The plaintiff contended in this court that, as his assignor was not objecting to the validity of the assignment on the ground of inade
quacy of consideration, the objection certainly could not be raised by a third party. We may concede that ordinarily the validity of an assignment cannot be attacked by third parties on the ground of inadequacy of consideration. As between an assignor and an assignee, if the inadequacy of the consideration is sufficient to shock the conscience of a chancellor, it may be in some cases sufficient ground for setting a transaction aside. But the wrong in such cases is a private wrong to the assignor, and third parties are without standing to complain. And if assignor and assignee stand in a fiduciary relation there is still no right in third persons to allege the invalidity of the assignment solely on that ground. But the weakness of this contention in this case lies in the fact that the question here is not between the plaintiff and the defendants alone. If it were, the argument advanced might be conclusive. The question is one of public policy, and upon that ground the decision rests.
The plaintiff argued in this court and in the court below that the consideration for the assignment of the Lake Shore Company's cause of action was the extinguishment of a precedent debt due from the assignor and that therefore the assignment was valid and not champertous. If his premise is correct, there is very respectable authority which would support his conclusion. Professor Ames in his Lectures on Legal History, 258, note 1, states that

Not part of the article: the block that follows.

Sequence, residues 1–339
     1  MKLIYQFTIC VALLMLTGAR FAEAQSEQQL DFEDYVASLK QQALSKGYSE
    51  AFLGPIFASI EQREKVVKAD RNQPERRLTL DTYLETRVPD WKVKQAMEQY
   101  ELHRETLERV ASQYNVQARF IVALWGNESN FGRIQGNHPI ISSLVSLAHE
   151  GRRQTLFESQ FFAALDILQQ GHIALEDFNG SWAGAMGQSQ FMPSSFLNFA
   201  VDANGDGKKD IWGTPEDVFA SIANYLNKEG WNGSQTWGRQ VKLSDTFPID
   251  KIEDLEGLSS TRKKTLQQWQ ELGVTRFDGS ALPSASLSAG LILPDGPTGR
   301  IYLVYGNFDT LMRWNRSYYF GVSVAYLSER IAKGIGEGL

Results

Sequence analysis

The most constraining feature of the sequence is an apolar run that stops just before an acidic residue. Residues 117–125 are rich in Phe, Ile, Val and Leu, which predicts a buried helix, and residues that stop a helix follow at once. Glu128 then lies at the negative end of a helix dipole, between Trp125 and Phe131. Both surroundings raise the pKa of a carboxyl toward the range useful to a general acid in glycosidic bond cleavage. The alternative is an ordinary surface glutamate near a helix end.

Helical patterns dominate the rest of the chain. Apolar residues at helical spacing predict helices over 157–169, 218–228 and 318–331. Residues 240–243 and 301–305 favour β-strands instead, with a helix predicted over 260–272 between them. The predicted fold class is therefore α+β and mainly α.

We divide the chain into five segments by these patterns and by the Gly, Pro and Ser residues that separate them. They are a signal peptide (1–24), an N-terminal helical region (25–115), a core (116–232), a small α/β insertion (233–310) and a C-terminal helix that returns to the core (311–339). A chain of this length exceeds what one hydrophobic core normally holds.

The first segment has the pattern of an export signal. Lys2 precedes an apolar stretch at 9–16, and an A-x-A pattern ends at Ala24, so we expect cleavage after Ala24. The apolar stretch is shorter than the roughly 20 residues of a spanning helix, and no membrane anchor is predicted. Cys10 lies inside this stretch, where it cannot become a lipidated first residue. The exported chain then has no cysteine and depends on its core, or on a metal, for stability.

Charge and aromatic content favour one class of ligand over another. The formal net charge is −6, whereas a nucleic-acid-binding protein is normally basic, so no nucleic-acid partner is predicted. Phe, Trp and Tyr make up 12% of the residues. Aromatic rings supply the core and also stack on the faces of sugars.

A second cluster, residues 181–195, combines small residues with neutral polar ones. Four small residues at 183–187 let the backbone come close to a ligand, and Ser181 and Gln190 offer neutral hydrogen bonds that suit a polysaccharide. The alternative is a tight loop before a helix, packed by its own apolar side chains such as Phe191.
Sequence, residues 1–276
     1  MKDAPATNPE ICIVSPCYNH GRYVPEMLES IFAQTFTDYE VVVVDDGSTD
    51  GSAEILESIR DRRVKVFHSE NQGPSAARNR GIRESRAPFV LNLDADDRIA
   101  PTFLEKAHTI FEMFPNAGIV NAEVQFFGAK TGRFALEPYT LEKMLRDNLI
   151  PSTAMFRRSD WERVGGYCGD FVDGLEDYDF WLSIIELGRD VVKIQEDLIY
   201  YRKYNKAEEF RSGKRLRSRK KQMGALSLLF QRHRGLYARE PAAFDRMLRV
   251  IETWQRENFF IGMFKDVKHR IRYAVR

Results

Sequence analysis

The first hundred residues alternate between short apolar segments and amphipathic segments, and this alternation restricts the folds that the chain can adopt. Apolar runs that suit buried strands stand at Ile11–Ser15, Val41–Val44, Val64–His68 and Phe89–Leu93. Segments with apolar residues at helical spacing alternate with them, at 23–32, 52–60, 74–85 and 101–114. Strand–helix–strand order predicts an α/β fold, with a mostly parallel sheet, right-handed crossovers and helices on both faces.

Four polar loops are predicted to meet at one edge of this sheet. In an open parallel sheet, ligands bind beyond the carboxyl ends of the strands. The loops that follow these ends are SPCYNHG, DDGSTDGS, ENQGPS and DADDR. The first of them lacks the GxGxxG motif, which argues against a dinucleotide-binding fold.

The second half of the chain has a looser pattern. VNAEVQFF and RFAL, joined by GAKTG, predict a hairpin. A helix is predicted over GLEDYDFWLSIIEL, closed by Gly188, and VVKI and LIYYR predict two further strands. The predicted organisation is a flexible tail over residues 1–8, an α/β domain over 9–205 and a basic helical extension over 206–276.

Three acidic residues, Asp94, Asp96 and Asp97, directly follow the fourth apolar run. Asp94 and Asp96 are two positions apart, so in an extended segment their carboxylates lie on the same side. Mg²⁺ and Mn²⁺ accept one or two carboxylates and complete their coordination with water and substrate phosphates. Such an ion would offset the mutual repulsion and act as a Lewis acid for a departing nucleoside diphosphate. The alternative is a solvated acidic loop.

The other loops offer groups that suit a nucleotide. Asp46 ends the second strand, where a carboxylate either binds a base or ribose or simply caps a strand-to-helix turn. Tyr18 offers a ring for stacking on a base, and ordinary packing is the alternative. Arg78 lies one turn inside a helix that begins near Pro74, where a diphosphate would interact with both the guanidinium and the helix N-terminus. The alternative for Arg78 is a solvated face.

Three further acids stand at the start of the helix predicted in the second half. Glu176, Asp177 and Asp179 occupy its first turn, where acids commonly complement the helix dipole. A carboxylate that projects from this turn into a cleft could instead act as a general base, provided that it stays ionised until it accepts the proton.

“The distinction was established at an early period, that the grant of a power of attorney to a creditor was not maintenance while a similar grant to a purchaser or donee was maintenance. 34 Hen. VI, 30, 15; 37 Hen. VI, 13–3; 15 Hen. VII, 2-3; South v. Marsh (1590) 3 Leon. 234; Harvey v. Beekman (1600) Noy, 52. As late as 1667–1672, the same distinction prevailed also in equity."
In 1 Bacon's Abridg. 360, 361, referring to champerty it is said that
“A grant of part of a thing in suit, made in consideration of a precedent debt is not within the meaning of the statute, but such only as is made in consideration of maintenance."
"But neither a conveyance executed, pending a plea, in pursuance of a precedent bargain
are within the meaning of the statute.”
In 11 C. J. 247, the law is stated as follows:
"A grant or assignment of an interest in the subject matter of the suit, made by the client to his attorney in consideration of a precedent debt, is not contrary to public policy or champertous. Nor is it made so by a statute which prohibits an attorney from buying a thing in action with intent to bring an action thereon, except in payment for services rendered.”
In Tapley v. Coffin, 12 Gray (Mass.) 420 (1859), an attorney and client agreed that the attorney was entitled to $1,240 for past services and that he should have $400 in full satisfaction for future services in certain suits. And in order to secure the payment of these sums the client assigned to the attorney his share in his father's estate then under administration, and it was agreed that the attorney should collect and receive the same and after deducting the necessary ex